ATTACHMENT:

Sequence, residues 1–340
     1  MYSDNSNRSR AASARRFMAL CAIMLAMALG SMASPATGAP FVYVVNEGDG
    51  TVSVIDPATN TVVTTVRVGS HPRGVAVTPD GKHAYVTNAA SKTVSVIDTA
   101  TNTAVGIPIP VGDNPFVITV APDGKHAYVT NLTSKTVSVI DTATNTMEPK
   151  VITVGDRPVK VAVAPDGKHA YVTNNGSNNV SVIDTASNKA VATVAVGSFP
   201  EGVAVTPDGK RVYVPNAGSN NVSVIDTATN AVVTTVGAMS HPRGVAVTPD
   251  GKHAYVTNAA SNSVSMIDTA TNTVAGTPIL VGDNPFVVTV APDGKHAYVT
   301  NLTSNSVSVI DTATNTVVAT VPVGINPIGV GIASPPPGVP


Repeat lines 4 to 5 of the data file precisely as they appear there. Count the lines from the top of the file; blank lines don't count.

   101  TNTAVGIPIP VGDNPFVITV APDGKHAYVT NLTSKTVSVI DTATNTMEPK
   151  VITVGDRPVK VAVAPDGKHA YVTNNGSNNV SVIDTASNKA VATVAVGSFP